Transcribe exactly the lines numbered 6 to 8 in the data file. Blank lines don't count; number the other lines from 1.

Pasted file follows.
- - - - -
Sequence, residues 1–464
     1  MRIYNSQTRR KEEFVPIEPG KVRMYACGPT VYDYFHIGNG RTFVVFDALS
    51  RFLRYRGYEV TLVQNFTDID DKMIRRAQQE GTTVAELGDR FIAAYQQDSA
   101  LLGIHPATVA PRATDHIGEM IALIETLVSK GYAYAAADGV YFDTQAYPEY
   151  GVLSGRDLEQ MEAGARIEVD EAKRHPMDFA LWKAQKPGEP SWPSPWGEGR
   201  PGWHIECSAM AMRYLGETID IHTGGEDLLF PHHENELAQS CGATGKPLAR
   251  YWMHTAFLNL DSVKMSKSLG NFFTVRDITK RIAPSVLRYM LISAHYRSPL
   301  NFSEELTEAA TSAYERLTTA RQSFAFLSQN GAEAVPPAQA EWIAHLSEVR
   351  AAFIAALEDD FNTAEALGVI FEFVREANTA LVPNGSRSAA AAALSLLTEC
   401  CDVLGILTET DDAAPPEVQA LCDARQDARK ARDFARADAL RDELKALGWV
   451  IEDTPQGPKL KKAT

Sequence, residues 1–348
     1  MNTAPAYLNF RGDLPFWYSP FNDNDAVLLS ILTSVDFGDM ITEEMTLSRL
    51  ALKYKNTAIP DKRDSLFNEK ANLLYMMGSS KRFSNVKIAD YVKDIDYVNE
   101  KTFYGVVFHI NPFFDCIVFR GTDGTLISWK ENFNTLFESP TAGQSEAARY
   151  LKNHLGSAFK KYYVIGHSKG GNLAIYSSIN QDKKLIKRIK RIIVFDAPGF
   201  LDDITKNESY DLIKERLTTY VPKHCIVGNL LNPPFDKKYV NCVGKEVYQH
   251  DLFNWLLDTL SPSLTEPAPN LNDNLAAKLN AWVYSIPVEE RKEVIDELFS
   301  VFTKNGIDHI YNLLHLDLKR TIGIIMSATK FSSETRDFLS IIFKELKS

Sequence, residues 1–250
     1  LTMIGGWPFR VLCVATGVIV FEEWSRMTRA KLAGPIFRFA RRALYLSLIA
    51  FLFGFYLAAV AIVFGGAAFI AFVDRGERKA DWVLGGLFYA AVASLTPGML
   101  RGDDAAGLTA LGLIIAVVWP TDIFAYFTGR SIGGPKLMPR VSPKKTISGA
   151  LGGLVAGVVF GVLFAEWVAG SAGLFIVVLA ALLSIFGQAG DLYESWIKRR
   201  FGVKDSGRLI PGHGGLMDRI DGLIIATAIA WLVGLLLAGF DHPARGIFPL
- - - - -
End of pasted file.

   201  PGWHIECSAM AMRYLGETID IHTGGEDLLF PHHENELAQS CGATGKPLAR
   251  YWMHTAFLNL DSVKMSKSLG NFFTVRDITK RIAPSVLRYM LISAHYRSPL
   301  NFSEELTEAA TSAYERLTTA RQSFAFLSQN GAEAVPPAQA EWIAHLSEVR